CICLOPS: Cassini Imaging Central Laboratory for OPerationS

Icy Moonlight
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Icy Moonlight
PIA 09825

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  Cassini examines the icy, crater-saturated face of Rhea.

This view looks toward the anti-Saturn side of Rhea (1,528 kilometers, 949 miles across). North is up.

The image was taken with the Cassini spacecraft narrow-angle camera on Dec. 21, 2007 using a spectral filter sensitive to wavelengths of ultraviolet light centered at 338 nanometers. The view was obtained at a distance of approximately 890,000 kilometers (553,000 miles) from Rhea and at a Sun-Rhea-spacecraft, or phase, angle of 16 degrees. Image scale is 5 kilometers (3 miles) per pixel.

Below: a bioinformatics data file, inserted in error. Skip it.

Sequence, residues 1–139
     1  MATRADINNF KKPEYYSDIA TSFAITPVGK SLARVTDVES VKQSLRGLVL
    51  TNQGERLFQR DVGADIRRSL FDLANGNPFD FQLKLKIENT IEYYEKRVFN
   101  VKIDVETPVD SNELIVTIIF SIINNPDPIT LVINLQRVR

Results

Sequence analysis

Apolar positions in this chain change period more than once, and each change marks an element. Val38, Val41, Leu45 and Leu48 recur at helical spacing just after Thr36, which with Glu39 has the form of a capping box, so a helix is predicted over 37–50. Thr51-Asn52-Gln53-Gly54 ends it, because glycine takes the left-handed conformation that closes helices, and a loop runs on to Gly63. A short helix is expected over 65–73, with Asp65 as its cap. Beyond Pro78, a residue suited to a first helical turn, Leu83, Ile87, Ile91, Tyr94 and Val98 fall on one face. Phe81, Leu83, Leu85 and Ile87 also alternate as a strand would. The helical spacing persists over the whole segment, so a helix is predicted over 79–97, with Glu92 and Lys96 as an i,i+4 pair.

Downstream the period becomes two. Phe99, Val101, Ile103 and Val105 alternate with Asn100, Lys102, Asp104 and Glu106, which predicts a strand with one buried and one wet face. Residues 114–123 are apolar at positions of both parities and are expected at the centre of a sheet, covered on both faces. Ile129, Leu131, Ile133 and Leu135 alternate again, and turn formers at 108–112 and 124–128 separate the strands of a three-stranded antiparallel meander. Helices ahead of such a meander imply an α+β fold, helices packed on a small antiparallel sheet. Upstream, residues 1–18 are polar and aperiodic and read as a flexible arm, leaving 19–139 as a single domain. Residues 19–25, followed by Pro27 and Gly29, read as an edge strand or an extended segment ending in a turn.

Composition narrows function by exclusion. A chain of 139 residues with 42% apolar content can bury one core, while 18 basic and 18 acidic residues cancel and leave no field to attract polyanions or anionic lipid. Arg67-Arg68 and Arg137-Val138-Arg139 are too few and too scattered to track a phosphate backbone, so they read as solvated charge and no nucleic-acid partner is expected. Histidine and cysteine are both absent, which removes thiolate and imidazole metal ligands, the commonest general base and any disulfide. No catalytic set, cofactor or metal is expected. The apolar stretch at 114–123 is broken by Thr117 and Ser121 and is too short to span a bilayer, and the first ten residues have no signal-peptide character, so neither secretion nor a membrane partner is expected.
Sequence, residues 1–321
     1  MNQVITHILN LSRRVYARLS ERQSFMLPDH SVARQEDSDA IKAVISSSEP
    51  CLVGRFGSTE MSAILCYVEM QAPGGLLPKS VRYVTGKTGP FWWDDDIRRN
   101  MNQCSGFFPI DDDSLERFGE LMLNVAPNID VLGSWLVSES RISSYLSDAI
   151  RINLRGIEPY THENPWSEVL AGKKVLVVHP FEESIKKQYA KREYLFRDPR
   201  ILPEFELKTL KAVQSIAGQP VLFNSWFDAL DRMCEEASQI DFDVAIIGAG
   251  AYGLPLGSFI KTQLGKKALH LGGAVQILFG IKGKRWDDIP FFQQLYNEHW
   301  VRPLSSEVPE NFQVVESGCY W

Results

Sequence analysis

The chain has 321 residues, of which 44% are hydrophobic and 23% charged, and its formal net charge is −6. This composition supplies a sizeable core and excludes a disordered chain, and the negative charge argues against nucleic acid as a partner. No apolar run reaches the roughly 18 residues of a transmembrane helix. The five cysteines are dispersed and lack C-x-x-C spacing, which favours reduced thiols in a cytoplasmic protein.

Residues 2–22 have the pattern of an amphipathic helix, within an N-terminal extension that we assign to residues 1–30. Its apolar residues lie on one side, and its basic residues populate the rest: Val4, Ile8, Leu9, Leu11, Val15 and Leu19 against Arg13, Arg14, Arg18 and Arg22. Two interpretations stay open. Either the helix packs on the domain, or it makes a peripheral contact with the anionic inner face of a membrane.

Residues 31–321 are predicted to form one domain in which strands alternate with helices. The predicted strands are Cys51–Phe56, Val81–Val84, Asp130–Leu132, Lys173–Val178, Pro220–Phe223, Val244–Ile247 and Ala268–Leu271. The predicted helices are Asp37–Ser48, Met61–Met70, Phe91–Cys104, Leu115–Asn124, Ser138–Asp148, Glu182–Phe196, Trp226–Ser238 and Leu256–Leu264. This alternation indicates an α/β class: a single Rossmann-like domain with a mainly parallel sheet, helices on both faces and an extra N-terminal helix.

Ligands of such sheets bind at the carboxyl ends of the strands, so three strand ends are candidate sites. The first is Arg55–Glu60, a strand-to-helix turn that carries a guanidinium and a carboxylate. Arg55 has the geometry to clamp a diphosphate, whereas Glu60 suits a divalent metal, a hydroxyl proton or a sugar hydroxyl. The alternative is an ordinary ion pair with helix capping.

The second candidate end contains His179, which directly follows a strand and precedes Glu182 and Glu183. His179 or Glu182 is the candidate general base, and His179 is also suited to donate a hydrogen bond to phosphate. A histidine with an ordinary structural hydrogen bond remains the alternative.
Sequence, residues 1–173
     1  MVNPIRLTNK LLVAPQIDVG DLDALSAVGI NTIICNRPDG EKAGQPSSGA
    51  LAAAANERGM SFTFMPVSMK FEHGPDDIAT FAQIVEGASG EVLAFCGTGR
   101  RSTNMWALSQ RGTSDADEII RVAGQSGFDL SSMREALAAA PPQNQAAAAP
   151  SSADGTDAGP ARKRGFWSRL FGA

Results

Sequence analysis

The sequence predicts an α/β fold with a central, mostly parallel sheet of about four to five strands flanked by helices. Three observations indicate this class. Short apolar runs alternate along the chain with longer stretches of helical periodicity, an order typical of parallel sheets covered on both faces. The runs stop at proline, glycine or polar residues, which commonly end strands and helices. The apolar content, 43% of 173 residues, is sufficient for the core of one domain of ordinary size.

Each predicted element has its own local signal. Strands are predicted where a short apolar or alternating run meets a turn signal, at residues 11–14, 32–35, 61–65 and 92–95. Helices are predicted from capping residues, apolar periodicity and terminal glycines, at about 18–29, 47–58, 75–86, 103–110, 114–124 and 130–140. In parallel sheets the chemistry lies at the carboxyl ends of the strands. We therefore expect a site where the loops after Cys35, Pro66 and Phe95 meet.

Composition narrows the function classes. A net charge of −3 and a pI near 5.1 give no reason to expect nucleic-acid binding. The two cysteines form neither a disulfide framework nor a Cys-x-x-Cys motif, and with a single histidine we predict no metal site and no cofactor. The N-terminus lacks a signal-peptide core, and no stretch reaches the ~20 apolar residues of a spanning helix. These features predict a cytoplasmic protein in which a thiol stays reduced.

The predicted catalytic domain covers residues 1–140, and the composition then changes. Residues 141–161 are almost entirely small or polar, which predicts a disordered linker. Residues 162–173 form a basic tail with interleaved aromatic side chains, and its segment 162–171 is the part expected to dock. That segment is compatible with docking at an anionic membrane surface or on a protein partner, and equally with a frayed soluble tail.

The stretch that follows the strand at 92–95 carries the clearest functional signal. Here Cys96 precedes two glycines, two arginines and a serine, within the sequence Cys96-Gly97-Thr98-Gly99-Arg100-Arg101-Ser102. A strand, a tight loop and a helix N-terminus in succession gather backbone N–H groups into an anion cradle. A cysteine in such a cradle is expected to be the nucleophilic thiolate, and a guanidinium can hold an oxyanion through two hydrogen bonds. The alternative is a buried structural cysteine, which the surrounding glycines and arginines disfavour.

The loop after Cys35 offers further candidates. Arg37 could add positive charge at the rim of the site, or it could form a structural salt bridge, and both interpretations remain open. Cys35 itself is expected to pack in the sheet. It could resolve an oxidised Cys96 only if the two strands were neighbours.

The Cassini-Huygens mission is a cooperative project of NASA, the European Space Agency and the Italian Space Agency. The Jet Propulsion Laboratory, a division of the California Institute of Technology in Pasadena, manages the Cassini-Huygens mission for NASA's Science Mission Directorate, Washington, D.C. The imaging team consists of scientists from the US, England, France, and Germany. The imaging operations center and team lead (Dr. C. Porco) are based at the Space Science Institute in Boulder, Colo.

For more information about the Cassini-Huygens mission, visit and the Cassini imaging team home page,

Credit: NASA/JPL/Space Science Institute
Released: January 29, 2008 (PIA 09825)
Image/Caption Information

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